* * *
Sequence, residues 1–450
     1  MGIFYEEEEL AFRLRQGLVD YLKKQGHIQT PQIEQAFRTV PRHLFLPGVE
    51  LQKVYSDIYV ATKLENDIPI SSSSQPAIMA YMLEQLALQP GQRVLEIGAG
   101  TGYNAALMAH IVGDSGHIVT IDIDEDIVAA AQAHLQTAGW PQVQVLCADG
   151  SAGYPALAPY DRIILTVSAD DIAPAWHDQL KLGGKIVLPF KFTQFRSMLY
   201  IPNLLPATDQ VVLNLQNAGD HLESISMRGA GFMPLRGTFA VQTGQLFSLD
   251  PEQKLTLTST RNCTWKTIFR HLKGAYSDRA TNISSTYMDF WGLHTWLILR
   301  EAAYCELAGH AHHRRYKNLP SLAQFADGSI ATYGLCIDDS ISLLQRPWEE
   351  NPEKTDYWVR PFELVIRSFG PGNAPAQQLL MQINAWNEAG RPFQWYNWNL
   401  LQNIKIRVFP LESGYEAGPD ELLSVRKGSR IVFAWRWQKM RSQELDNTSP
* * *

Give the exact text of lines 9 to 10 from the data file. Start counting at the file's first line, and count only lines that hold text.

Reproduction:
   351  NPEKTDYWVR PFELVIRSFG PGNAPAQQLL MQINAWNEAG RPFQWYNWNL
   401  LQNIKIRVFP LESGYEAGPD ELLSVRKGSR IVFAWRWQKM RSQELDNTSP